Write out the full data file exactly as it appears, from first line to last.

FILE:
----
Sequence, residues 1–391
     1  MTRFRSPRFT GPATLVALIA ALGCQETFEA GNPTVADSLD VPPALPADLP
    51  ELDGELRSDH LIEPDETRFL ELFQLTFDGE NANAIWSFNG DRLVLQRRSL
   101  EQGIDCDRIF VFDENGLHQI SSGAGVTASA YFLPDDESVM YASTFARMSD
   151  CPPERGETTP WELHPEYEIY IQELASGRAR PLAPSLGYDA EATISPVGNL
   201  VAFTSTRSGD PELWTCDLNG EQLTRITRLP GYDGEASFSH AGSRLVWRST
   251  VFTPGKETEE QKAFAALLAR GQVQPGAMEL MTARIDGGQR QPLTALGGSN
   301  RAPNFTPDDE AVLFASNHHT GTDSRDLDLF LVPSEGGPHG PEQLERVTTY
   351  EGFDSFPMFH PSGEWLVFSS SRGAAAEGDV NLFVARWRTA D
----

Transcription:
Sequence, residues 1–391
     1  MTRFRSPRFT GPATLVALIA ALGCQETFEA GNPTVADSLD VPPALPADLP
    51  ELDGELRSDH LIEPDETRFL ELFQLTFDGE NANAIWSFNG DRLVLQRRSL
   101  EQGIDCDRIF VFDENGLHQI SSGAGVTASA YFLPDDESVM YASTFARMSD
   151  CPPERGETTP WELHPEYEIY IQELASGRAR PLAPSLGYDA EATISPVGNL
   201  VAFTSTRSGD PELWTCDLNG EQLTRITRLP GYDGEASFSH AGSRLVWRST
   251  VFTPGKETEE QKAFAALLAR GQVQPGAMEL MTARIDGGQR QPLTALGGSN
   301  RAPNFTPDDE AVLFASNHHT GTDSRDLDLF LVPSEGGPHG PEQLERVTTY
   351  EGFDSFPMFH PSGEWLVFSS SRGAAAEGDV NLFVARWRTA D